this notice, what the hell is it?
I’m not going to try to tell you what to do once you’re inside me.
any of these operating systems. Each is worth several G-files in its
in its own right. I’m going to tell you how to identify and recognize certain
Operating systems, how to approach piracy on them and how to deal with something
that you’ve never seen before and have no idea what it is.

VMS – The VAX computer is manufactured by Digital Equipment Corporation (DEC),
and runs the VMS (Virtual Memory System) operating system.
VMS is characterized by the indicator ‘Username:’. He won’t tell
whether you have entered a valid username or not, and you will be logged out
you after three incorrect login attempts. It also keeps track of all
failed login attempts and inform the account owner next time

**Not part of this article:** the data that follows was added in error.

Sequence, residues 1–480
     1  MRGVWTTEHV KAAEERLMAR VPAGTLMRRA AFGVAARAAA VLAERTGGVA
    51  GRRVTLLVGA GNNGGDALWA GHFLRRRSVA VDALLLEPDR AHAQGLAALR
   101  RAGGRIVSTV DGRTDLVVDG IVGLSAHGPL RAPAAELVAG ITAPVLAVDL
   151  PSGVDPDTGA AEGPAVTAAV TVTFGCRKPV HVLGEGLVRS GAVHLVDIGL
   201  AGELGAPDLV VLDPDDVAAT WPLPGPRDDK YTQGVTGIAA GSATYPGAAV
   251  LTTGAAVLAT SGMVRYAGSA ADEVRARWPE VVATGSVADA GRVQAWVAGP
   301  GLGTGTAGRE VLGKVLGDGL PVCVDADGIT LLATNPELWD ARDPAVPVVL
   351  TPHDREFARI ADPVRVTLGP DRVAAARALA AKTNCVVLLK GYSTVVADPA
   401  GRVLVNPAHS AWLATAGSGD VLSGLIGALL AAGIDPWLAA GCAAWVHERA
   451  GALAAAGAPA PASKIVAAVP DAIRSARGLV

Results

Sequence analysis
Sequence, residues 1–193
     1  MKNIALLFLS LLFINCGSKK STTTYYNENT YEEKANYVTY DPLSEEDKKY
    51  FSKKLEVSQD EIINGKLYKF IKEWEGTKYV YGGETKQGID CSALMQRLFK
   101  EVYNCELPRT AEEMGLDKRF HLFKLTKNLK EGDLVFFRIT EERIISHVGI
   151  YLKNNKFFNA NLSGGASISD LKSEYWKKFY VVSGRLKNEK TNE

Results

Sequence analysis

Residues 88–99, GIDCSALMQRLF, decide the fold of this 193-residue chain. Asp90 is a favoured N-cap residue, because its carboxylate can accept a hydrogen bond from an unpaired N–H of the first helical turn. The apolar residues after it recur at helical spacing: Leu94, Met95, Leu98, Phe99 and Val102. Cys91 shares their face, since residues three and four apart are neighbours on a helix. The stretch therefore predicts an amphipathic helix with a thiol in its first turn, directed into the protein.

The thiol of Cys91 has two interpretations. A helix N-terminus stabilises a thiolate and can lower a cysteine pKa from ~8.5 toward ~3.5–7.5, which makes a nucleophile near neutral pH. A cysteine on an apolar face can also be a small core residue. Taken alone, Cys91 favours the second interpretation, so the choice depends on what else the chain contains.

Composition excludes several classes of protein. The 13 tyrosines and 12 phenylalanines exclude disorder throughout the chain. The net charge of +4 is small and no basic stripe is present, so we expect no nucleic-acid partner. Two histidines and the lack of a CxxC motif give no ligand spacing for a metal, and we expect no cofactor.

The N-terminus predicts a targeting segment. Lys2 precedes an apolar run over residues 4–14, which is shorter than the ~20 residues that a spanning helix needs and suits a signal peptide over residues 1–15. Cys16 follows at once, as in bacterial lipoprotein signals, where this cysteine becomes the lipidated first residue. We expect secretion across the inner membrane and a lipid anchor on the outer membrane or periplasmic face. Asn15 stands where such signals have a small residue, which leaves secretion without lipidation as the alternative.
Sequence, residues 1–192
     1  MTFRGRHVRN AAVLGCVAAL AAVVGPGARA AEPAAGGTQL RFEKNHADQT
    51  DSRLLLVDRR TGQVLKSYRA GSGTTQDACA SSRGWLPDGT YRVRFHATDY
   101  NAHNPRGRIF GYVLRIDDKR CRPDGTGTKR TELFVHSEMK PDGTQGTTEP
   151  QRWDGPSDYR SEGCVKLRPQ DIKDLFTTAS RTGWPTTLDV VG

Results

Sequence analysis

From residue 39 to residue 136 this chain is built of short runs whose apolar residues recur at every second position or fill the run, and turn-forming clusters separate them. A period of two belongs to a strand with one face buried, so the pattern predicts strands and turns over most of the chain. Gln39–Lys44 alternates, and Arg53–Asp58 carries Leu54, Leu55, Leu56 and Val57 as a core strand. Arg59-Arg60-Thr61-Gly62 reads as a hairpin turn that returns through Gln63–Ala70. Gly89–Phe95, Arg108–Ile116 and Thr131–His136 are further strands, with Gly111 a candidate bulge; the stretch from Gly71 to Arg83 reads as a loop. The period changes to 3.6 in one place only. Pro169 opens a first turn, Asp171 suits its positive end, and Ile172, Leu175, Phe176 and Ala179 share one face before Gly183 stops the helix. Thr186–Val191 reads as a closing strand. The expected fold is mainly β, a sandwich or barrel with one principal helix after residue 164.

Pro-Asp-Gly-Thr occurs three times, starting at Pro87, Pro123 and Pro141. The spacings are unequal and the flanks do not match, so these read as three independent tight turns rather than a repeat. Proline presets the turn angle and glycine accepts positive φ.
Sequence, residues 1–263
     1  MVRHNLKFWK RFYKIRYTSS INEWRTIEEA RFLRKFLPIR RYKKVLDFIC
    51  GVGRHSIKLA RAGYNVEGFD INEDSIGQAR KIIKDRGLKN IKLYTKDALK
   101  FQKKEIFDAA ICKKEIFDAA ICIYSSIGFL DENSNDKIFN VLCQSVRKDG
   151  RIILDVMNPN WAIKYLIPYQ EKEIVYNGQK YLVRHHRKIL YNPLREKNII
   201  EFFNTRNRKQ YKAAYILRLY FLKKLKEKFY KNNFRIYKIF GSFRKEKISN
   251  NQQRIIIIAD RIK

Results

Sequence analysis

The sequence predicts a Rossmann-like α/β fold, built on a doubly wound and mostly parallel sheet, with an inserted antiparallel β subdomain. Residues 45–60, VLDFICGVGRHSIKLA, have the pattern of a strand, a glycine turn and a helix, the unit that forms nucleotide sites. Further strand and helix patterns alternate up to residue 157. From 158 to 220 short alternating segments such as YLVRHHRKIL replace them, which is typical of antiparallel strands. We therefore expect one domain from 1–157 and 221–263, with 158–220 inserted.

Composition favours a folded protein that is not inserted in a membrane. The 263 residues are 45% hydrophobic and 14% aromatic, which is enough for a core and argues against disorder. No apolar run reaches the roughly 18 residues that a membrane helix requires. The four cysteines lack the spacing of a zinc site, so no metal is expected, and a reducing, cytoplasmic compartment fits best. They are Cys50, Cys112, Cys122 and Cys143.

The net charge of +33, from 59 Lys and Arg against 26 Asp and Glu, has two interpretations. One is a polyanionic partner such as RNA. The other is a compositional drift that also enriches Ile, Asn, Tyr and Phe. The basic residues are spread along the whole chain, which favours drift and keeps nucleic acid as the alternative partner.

records how many incorrect login attempts were made to the account.
It is one of the most secure operating systems out there since the
outside, but once you’re inside, there are a lot of things you can do
to bypass the security of the system. The VAX also has the best set of
help files in the world. Just write HELP and read to your heart
content.
Common accounts/Defaults: [username: password [[, password]] ] SYSTEM: OPERATOR or MANAGER or SYSTEM or SYSLIB
OPERATOR: OPERATOR
System: UETP
SYSMAINT: SYSMAINT or SERVICE or DIGITAL
FIELD: FIELD or SERVICE
GUEST: GUEST or without password
DEMO: DEMO or without password
Game name: DECNET

DEC-10 – An earlier line of DEC computer equipment, running the TOPS-10
operating system. These machines are recognized for their
‘.’ ask. The DEC-10/20 series are remarkably suitable for hackers,
allows you to enter several important commands without
log in to the system. The accounts have the format [xxx, yyyy] where
xxx and yyy are integers. You can get a list of the accounts and
the process names of all users on the system before logging in with
command .systat (System status). If you have an account
that says [234.1001] BOB JONES, it might be wise to try — or